Body Form or Style:Sagittiform Swim / Locomotion Style:Thunniform


Mouth Position:Subterminal Citation: http://animaldiversity.ummz.umich.edu/accounts/Huso_huso/

Title:Freshwater

Species #:32

Common Name: Alabama Cavefish Scientific Name: Speoplatyrhinus Poulsoni Kingdom: Animalia

Phylum: Chordata

Class: Actinopterygii

Order: Percopsiformes

Family: Amblyopsidae

Geography / Habitat: Key cave, the single locale of S. poulsoni, is a large underground multi-level structure that has thousands of meters of mapped area. The pools of water in the cave in which the fish dwell are typically 5 to 10 feet deep. Seasonal flooding within the cave fluctuates this depth. Far within the cave are very deep pools of unknown depth.

Life Strategy: There is little to nothing known about behavior in Alabama cavefish. They are likely to be active at any time of the day or night since there is no difference between day and night in these environments.

Food / Feed Strategy: No invasive studies have been done due to the species extremely endangered status and the fragility of their cave habitat. It is thought that the diet consists of copepods, isopods, amphipods, and small cavefish. In any case S. poulsoni sits at the top of a food chain that begins with incident grey bat (Myotis grisescens) droppings, or guano.

Body Form or Style: Sagittiform Swim / Locomotion Style:Carangiform


Mouth Position:Supraterminal Citation: http://animaldiversity.ummz.umich.edu/accounts/Speoplatyrhinus_poulsoni/

Title:Freshwater

Species #:33

Common Name: Rainbow Darter Scientific Name: Etheostoma Caeruleum Kingdom: Animalia

Phylum: Chordata

Class: Actinopterygii

Order: Perciformes

Family: Percidae

Geography / Habitat: Rainbow darters prefer the fast-moving currents of shallow riffles in creeks and small rivers. They also have a preference for gravel or rocky-bottom streams. Distinct populations of rainbow darters have also been discovered in the tributaries of the lower Mississippi river in southwest Mississippi and eastern Louisiana.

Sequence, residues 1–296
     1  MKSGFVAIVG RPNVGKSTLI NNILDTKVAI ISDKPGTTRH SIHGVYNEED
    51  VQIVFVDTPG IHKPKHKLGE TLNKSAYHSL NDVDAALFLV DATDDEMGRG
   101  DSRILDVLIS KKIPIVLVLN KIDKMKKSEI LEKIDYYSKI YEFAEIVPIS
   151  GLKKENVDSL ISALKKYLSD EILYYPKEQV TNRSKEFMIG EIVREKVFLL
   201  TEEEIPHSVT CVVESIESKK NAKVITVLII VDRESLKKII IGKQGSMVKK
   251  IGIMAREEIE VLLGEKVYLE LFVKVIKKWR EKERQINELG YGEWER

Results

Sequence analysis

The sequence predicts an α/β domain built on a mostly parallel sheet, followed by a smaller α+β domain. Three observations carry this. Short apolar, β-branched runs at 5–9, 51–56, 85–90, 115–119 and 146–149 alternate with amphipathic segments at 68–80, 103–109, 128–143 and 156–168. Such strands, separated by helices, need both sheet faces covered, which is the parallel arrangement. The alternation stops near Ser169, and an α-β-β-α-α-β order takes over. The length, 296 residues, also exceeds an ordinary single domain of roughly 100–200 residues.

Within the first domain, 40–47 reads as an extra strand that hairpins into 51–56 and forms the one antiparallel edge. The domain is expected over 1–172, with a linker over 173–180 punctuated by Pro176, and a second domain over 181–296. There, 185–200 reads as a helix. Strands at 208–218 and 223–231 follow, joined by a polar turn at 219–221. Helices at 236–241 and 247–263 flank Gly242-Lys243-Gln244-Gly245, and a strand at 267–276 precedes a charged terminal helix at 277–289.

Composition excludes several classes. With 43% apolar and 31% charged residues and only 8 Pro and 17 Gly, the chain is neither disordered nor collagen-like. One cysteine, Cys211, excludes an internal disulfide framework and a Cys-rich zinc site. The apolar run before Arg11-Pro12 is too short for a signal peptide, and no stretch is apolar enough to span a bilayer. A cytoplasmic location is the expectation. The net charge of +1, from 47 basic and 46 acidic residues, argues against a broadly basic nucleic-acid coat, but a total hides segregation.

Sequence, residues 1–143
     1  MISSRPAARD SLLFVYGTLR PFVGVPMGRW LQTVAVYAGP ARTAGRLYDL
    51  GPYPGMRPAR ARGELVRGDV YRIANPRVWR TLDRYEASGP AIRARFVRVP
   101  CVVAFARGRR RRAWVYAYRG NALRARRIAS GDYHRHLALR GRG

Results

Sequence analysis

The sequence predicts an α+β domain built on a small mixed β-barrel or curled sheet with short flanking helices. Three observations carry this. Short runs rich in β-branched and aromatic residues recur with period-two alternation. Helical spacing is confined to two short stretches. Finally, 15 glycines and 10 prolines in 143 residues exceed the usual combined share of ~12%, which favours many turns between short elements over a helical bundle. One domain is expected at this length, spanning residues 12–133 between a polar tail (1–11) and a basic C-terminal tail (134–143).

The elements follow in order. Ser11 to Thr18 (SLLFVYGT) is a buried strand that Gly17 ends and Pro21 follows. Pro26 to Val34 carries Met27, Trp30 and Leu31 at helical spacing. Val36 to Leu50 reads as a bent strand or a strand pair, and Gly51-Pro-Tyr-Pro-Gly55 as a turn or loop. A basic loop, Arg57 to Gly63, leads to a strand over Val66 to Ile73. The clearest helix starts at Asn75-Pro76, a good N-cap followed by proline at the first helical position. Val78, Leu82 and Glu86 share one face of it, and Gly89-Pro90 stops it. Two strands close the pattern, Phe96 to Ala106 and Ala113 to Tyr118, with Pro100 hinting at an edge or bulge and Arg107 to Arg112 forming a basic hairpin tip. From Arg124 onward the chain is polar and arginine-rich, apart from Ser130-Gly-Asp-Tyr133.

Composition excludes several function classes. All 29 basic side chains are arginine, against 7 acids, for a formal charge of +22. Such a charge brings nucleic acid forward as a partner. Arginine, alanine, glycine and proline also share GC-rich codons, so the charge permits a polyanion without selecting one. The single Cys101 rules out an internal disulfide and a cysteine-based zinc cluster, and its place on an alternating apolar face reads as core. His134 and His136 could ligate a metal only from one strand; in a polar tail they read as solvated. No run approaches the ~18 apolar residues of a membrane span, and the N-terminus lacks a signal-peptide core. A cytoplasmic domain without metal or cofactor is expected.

Life Strategy: The different coloration of males and females and changes in coloration during the reproductive season may serve as visual signals to other darters and likely play a role in sexual selection. Recent studies have suggested that rainbow darters show a decrease in activity levels when exposed to macerated skin from either other rainbow darters or a conspecific such as the yoke darter, Etheostoma juliae.

Food / Feed Strategy: Rainbow darters feed on a variety of aquatic insect larvae, small snails, and crayfish. They will also feed on various fish eggs, typically either minnow or lamprey eggs.

Body Form or Style: Sagittiform Swim / Locomotion Style: Carangiform Mouth Position: Pharyngeal


Citation: http://animaldiversity.ummz.umich.edu/accounts/Etheostoma_caeruleum/

Title:Freshwater

Species #:34

Common Name: Arapaima Scientific Name: Arapaima Gigas Kingdom: Animalia

Phylum: Chordata

Class: Actinopterygii

Order: Osteoglossiformes

Family: Arapaimidae

Geography / Habitat: Within the Amazon basin, A. gigas is found in several different types of habitat, such as the floodplain lakes of this region, the large tributaries of the Amazon river including the Rio Madera and the Rio Machado, and the varzea or forest. The pirarucu inhabits both white water and clear water.